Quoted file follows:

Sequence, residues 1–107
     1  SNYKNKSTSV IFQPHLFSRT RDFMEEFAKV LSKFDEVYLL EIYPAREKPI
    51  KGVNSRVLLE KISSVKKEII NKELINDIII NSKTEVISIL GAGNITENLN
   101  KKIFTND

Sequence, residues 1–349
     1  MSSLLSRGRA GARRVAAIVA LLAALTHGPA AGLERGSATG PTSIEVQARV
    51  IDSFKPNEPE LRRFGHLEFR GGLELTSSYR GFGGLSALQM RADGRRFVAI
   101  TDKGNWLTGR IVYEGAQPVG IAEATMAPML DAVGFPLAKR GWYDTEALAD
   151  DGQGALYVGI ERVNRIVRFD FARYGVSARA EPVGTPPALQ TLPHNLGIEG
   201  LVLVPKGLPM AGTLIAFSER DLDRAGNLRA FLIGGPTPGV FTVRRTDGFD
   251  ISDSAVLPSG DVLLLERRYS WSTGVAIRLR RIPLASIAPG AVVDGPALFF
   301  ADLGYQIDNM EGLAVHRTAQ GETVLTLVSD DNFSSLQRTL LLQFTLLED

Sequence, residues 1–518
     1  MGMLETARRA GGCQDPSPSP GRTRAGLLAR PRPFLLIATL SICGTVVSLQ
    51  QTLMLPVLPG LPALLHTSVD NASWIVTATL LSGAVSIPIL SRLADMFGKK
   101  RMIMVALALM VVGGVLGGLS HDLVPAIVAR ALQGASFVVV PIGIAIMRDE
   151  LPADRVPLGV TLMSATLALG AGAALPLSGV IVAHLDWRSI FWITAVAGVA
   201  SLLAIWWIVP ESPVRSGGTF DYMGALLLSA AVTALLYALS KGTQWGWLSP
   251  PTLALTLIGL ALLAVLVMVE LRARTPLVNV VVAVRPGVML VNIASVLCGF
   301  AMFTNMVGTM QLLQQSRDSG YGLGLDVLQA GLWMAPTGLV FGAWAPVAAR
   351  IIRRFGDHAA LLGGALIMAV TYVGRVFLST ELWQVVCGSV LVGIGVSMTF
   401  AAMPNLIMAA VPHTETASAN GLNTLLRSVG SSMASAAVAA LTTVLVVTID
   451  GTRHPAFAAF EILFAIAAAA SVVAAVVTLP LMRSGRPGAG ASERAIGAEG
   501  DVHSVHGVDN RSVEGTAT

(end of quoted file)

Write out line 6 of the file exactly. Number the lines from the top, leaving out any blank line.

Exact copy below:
     1  MSSLLSRGRA GARRVAAIVA LLAALTHGPA AGLERGSATG PTSIEVQARV